Midlife Crisis is Overblown, and Other Good News about Your Middle-Aged Brain

This is the second in a four-part series on your amazing, aging brain.

More good news: midlife crisis and the empty nest syndrome don’t exist. There is no scientific research to support them. Not that people don’t suffer at that time of life. I don’t mean to make light of the changes. But statistically speaking, there is no scientific evidence of either syndrome.

In the 1970s, a Yale psychology professor handpicked forty men to study. He then concluded they were suffering from midlife crisis. That’s about it.

Although people still believe in it (try Googling “midlife” and see what comes up), there is ample evidence to the contrary. In 1999, for instance, one of the biggest studies of middle age, the MacArthur Foundation Research Network on Successful Midlife Development, concluded:

Between the ages of thirty-five and sixty-five, people across the board reported increased feelings of well-being.”

The feminine version of midlife crisis is empty nest syndrome. Here again, there is evidence not only that this “syndrome” doesn’t exist, but that the opposite is true. According to Barbara Strauch and researcher Karen L. Fingerman,

…no one has ever been able to find a true empty nest syndrome in a scientific way. Instead, even among women who devote all their time to raising their kids, studies find mostly a ‘great deal of satisfaction’ when the kids become independent. ‘They feel they have done a good job and they suddenly have the freedom to do new things,’ says Fingerman. ‘They feel great.’

I won’t deny that some people feel unhappy or lost over the reality of the years passing, or the newly-quiet house that used to ring with the sound of a happy family. Of course that could be discouraging; it may even cause depression. My point is, serious psychological impact from those changes is not a given. To learn more, you might want to pick up a copy of The Secret Life of the Grown-Up Brain, by Barbara Strauch, whose words I’m using in this post.

Now that you’re all warmed up (flex fingers, crack knuckles here), let’s talk about the power of the midlife brain. Last week I mentioned the brain in midlife powers up instead of gearing down. There’s a particular trick your brain learns in midlife, and it was only accepted as scientifically irrefutable in the late 1990s. It’s called bilateralization.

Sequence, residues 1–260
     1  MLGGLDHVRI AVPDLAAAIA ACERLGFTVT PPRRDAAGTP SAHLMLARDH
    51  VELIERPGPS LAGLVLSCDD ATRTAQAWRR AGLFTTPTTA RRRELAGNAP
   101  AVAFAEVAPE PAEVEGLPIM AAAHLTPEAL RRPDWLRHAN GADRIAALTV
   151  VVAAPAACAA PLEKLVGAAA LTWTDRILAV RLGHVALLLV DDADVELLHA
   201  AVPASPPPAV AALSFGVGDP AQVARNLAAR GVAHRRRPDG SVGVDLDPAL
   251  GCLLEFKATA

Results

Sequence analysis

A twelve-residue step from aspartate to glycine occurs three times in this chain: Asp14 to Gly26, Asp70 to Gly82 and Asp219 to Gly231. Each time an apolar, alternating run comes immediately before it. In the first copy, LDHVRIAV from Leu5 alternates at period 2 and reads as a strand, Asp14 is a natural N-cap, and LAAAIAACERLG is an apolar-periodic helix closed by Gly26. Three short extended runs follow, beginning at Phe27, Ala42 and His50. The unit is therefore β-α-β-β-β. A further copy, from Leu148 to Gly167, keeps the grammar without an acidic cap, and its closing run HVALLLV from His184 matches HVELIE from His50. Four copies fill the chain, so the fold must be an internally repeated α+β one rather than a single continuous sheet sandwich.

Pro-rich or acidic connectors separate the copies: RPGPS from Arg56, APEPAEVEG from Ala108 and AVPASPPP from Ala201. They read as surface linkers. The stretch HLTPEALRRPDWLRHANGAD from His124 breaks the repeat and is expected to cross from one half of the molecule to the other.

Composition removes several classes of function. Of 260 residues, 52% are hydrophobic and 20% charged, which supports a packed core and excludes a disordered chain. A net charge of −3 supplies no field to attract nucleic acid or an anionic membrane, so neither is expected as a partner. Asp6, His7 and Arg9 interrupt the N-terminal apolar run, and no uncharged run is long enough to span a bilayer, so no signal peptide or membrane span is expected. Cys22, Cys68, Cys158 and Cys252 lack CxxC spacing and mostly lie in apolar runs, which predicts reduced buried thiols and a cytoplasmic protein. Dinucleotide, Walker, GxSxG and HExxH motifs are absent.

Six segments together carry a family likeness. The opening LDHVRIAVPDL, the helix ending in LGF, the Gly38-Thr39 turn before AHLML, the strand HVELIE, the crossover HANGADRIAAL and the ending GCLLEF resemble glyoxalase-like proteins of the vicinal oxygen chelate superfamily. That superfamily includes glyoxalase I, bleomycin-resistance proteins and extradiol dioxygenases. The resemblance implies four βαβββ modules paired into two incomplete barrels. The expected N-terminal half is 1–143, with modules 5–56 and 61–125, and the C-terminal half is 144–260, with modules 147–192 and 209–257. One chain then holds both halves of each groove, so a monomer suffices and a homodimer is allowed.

See, when the younger brain needs to solve a problem, it tends to use the factory settings. If it’s a logic problem, the left brain gets a workout. Creativity? The right side lights up. Young brains are so powerful, this works fine. However, when you’re older, your brain realizes that in order to do the best job possible, it’s going to have to reach across from one hemisphere and borrow circuits from the other. Thus, both sides of the brain are engaged in a task where in the past, only one side would have been. In addition to pure processing help, there may be an almost magical benefit from this strategy.

As we age, and the two sides of our brains work together, we are able to see bigger patterns, have bigger thoughts, reaching – according to one researcher – the level of art. According to Gene Cohen, who studies the connection between art and neurons,

The brain’s left and right hemispheres become better integrated during middle age, making way for greater creativity…The neurons themselves may lose some processing speed with age, but they become ever more richly intertwined…”

Last week we discussed the fact that as the brain ages, it begins to default to its daydreaming mechanism to process new data. Unfortunately, this is why it takes us longer to learn new things. On the plus side, some scientists think that tendency to daydream, combined with the ability to use both sides of the brain in an integrated way, might result in better problem solving, deeper insights, and more creativity. And I’d say that’s something to celebrate.

Next week: how grandmothers could save civilization.

You Look MAHvelous

I was standing in a mini-mart the other day waiting to pay for gas, and the beautiful young woman in front of me was complaining to the cashier that even though she’s 30, she always gets carded. I said, “It’s because you’ve got a face like a peach.” It just flew out of my mouth, and then I was glad, because she got it. The girl’s eyes got real big and her mouth opened in this gigantic smile as she thanked me. For a second I thought she was going to hug me.